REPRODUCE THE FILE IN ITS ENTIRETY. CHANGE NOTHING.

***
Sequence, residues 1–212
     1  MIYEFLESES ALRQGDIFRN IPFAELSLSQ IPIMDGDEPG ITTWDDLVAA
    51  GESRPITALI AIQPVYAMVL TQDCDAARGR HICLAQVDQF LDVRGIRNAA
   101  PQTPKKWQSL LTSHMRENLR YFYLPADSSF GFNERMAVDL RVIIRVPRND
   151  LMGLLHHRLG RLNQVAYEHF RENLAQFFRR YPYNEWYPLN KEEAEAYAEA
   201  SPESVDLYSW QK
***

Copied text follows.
Sequence, residues 1–212
     1  MIYEFLESES ALRQGDIFRN IPFAELSLSQ IPIMDGDEPG ITTWDDLVAA
    51  GESRPITALI AIQPVYAMVL TQDCDAARGR HICLAQVDQF LDVRGIRNAA
   101  PQTPKKWQSL LTSHMRENLR YFYLPADSSF GFNERMAVDL RVIIRVPRND
   151  LMGLLHHRLG RLNQVAYEHF RENLAQFFRR YPYNEWYPLN KEEAEAYAEA
   201  SPESVDLYSW QK